Today, however, Monot is a rather quiet quartier, host to a wine cellar, a gluten-free bakery, an organic eatery, and at its very edge, Beirut’s premier boutique hotel. Towering formidably over Saifi Village with a panoramic vista of Beirut’s downtown and port, O Monot is hardly six years old but has already snatched distinction as a member of the Small Luxury Hotels of the World.

Walking past the glass sliding doors into a smart, divan-decked lobby, the immediate impression that took shape in my head was how scrupulously relaxed the hotel is, totally detached from its environs. The length-wise lobby terminates in a den doubling as a bar, where wood-and-brass staggered bookshelves house a volume of antiquated Encyclopedia Britannica and artsy knickknacks from every corner of the globe.

Read more here.



The O Monot rooftop, which towers high in the sky, neck to neck with Achrafieh's apartment buildings




Beit Mery has always held a certain spell over me. Straddling residential Ain Saadeh and summertime hotspot Broumana, this charming village has arguably the most breathtaking vantage points of Beirut, the Mediterranean, and everything in between.

Most recognize it as the setting of Al Bustan, a hotel lush with sprawling gardens constructed over half a century ago by entrepreneur and statesman Emile Bustani. Others have come to identify the town with its ancient Roman and Byzantine ruins nestled below Deir Al Kalaa, or Couvent Saint Jean, an Antonine Maronite monastery that doubles as a majestic wedding venue.

But there’s far more to Beit Mery than meets the eye: The parallel streets that narrow to the width of a car despite remaining two-way. The yellow-stone buildings that have withstood the inclement harshness of many a winter. The crisp, cool air in the early morning and late evening on a warm summer’s day. And, as I recently came to unearth, an endearing establishment named Hotel Wakim perched centrally on the Beit Mery roundabout yet so easily overlooked by passersby.

Read more here.



The lobby (more like a den!) at Hotel Wakim




Located squarely at the port of Byblos, the five-star boutique property perches right on the Mediterranean and boasts an expansive seaside cove. Therein sit Sophia Bay, a zen for sunbathers and seafarers, and Al Marsa café. “Charming” is the best adjective to describe the hotel, from the cream-colored, chandelier-decked lobby with local artwork on display, to the den-like breakfast buffet site turned evening pizzeria, Café Tournesol.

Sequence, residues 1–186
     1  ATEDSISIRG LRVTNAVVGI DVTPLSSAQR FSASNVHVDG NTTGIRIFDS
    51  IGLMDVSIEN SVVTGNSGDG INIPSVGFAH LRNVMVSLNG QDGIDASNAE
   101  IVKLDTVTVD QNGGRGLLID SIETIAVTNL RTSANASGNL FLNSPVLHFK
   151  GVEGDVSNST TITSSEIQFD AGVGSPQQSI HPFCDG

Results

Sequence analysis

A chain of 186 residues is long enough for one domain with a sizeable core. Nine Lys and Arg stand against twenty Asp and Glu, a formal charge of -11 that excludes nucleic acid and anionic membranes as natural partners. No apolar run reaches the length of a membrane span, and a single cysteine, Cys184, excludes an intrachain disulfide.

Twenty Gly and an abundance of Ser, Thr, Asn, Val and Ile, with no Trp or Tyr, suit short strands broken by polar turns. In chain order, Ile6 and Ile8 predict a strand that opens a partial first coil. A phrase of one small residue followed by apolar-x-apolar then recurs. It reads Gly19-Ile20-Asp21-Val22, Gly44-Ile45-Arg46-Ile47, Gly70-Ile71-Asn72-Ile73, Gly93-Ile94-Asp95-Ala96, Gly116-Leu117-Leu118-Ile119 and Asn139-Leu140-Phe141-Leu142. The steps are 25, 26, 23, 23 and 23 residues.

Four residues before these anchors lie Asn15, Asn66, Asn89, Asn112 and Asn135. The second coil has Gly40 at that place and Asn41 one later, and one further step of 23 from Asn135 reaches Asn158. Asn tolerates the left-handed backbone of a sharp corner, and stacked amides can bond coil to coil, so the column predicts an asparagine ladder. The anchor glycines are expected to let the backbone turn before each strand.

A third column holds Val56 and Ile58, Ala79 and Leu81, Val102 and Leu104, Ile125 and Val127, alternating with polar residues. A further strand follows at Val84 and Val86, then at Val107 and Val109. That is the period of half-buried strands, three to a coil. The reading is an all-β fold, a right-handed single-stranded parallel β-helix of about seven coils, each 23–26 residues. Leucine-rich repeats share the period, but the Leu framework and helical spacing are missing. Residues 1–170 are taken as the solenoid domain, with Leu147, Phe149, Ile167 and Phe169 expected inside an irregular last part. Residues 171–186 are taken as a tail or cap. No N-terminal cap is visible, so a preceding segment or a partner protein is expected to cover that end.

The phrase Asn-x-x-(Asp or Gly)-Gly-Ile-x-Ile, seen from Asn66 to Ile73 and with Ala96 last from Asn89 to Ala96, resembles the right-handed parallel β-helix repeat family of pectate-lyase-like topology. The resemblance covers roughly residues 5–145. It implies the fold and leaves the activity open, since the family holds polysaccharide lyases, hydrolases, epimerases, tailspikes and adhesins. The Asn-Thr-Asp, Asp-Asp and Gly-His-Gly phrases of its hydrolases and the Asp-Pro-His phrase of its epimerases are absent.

Present moments with past precious pieces adorn the walls to form a heritage collection. Inside suites, discover hand-woven decorative lace mounted on walls, and stones from the sea serving as closet door handles. Throughout the property, cherish silk-woven carpets, antique furniture, vintage books and a restored Mediterranean Byzantine mosaic picturing birds native to Byblos.

Spend a day at Byblos Sur Mer, guest to its rustic hospitality, and you’ll lose all notion of time.

Read more here.



View from the junior suite balcony at Byblos Sur Mer




Though it figures as the second largest city in the country and famously houses Kasr el Helo of A.R. Hallab, these days Tripoli rarely comes to mind as a leisure destination. Life is calm in these parts, veering on the mystical. It’s like taking a trip back in time to the previous century, with vendors and souk merchants along every street corner, rock-bottom prices, and a lulling pace. Here the air is far cleaner than in the capital, and folks still make their livelihoods from catching fish, crafting olive-oil soap, churning salep ice cream, or baking wheat bran pita pockets. It’s as if history was carefully preserved and continues to play out dutifully.

Via Mina is one telling example.

You could easily stroll by without it drawing your notice. A three-level edifice with whitewashed walls, tiffany blue shutters, and a tranquil garden out front adorned with wooden tables and chairs combine to form your first impression. The front door, half ajar, creates a homey feel of welcome.

Read more here.



Entrance to Via Mina


Follow me on InstagramFacebook and Twitter to stay up to date on the latest happenings.

Comments

Popular posts from this blog

Who is Rouba Saadeh? The Scoop on the Lebanese Lady Who Pinned Down "365 Days" Italian Actor Michele Morrone

Beirut Blast: Death and Despair, Beyond Repair